This enzyme, found in cells and secretions of vertebrates but also in viruses which infect bacteria, cleaves peptidoglycan GlcNAc (β 1->4) MurNAc repeat linkages (NAG-NAM) in the cell walls of bacteria and the GlcNAc (β 1->4) GlcNAc (poly-NAG) in chitin, found in the cells walls of certain fungi. Since these polymers are hydrophilic, the active site of the enzyme would be expected to contain a solvent-accessible channel into which the polymer could bind. The crystal structures of lysozyme and complexes of lysozyme and NAG have been solved to high resolution. The inhibitors and substrates form strong H bonds and some hydrophobic interactions with the enzyme cleft. Kinetic studies using (NAG)n polymers show a sharp increase in kcat as n increases from 4 to 5. The kcat for NAG6 and (NAG-NAM)3 are similar. Models studies have shown that for catalysis to occur, (NAG-NAM)3 binds to the active site with each sugar in the chair conformation except the fourth which is distorted to a half chair form, which labilizes the glycosidic link between the 4th and 5th sugars. Additional studies show that if the sugars that fit into the binding site are labeled A-F, then because of the bulky lactyl substituent on the NAM, residues C and E can not be NAM, which suggests that B, D and F must be NAM residues. Cleavage occurs between residues D and E.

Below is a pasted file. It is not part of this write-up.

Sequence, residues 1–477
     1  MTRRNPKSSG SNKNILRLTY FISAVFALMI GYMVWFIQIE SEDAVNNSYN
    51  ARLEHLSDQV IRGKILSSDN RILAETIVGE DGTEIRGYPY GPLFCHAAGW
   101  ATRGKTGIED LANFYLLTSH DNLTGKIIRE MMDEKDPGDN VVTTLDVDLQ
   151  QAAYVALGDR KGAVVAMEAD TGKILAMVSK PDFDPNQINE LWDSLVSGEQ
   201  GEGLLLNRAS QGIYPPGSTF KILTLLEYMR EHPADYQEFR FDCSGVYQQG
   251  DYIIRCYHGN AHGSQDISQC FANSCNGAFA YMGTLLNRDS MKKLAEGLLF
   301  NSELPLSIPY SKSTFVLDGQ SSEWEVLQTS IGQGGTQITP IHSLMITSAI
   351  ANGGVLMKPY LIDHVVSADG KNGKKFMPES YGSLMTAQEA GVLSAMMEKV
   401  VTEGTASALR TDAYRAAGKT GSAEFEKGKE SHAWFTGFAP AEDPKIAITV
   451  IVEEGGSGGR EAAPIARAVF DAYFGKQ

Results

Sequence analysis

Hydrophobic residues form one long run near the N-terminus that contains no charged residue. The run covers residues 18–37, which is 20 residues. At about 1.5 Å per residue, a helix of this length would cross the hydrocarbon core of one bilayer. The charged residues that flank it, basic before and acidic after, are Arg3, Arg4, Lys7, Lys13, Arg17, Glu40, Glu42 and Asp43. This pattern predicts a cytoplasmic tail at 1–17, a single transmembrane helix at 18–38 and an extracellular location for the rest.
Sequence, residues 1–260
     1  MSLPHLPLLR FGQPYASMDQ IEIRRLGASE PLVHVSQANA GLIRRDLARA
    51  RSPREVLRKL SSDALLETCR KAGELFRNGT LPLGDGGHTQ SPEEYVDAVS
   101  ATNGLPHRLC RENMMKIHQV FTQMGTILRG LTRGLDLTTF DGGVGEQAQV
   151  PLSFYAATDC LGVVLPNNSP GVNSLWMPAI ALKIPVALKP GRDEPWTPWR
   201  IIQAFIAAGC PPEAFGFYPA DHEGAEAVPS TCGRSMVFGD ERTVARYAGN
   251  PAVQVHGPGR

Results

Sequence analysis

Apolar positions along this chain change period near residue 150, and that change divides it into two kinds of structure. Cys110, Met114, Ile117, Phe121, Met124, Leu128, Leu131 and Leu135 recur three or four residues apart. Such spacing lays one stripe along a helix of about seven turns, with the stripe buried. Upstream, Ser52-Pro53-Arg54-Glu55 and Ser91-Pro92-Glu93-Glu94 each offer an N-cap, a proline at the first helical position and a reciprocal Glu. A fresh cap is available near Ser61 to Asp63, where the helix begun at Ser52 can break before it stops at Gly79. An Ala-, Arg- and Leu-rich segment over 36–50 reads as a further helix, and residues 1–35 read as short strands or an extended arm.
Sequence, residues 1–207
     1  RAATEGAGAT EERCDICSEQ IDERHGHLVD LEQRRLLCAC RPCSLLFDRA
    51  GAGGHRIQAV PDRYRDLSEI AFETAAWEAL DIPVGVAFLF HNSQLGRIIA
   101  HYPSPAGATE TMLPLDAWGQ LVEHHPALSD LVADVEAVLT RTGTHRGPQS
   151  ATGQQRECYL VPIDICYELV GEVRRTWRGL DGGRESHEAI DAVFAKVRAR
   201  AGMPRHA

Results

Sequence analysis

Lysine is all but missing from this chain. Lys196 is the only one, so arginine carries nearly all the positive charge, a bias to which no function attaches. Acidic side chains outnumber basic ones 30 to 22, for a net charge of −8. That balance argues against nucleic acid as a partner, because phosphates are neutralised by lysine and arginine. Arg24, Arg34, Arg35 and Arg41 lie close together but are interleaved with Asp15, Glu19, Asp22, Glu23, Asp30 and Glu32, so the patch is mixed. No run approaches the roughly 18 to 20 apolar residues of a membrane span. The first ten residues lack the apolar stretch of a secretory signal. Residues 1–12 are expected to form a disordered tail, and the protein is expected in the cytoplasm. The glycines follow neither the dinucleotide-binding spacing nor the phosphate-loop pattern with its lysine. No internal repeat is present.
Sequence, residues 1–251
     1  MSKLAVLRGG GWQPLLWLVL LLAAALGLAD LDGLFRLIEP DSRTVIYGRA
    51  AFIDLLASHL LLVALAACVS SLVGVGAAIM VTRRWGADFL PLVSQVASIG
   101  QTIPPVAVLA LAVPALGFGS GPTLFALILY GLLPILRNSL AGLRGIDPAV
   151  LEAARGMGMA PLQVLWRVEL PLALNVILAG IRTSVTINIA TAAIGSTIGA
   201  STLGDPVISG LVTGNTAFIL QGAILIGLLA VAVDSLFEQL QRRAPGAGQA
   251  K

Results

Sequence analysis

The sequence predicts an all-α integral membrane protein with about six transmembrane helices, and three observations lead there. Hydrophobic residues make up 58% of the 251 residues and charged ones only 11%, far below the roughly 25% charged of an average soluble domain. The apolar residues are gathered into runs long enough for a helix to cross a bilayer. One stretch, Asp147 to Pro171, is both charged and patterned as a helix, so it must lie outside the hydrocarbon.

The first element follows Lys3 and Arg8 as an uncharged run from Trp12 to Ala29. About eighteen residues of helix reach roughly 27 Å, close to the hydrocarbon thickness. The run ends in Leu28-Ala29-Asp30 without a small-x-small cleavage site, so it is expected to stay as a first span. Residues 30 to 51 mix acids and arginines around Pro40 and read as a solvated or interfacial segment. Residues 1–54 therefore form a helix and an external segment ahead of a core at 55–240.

A review of the chemistry of glycosidic bond (an acetal) formation and cleavage shows the acetal cleavage is catalyzed by acids and proceeds by way of an oxonium ion which exists in resonance form as a carbocation.
Catalysis by the enzyme involves Glu 35 and Asp 52 which are in the active site. Asp 52 is surrounded by polar groups but Glu 35 is in a hydrophobic environment. This should increase the apparent pKa of Glu 35, making it less likely to donate a proton and acquire a negative charge at low pH values, making it a better general acid at higher pH values. The general mechanism appears to involve:
binding of a hexasaccharide unit of the peptidoglycan with concomitant distortion of the D NAM.
protonation of the sessile acetal O by the general acid Glu 35 (with the elevated pKa), which facilitates cleavage of the glycosidic link and formation of the resonant stabilized oxonium ion.
Asp 52 stabilizes the positive oxonium through electrostatic catalysis. The distorted half-chair form of the D NAM stabilizes the oxonium which requires co-planarity of the substituents attached to the sp2 hybridized carbon of the carbocation resonant form (much like we saw with the planar peptide bond).
water attacks the stablized carbocation, forming the hemiacetal with release of the extra proton from water to the deprotonated Glu 35 reforming the general acid catalysis.
Binding and distortion of the D substituent of the substrate (to the half chair form as shown above) occurs before catalysis. Since this distortion helps stabilize the oxonium ion intermediate, it presumably stabilizes the transition state as well. Hence this enzyme appears to bind the transition state more tightly than the free, undistorted substrate, which is yet another method of catalysis.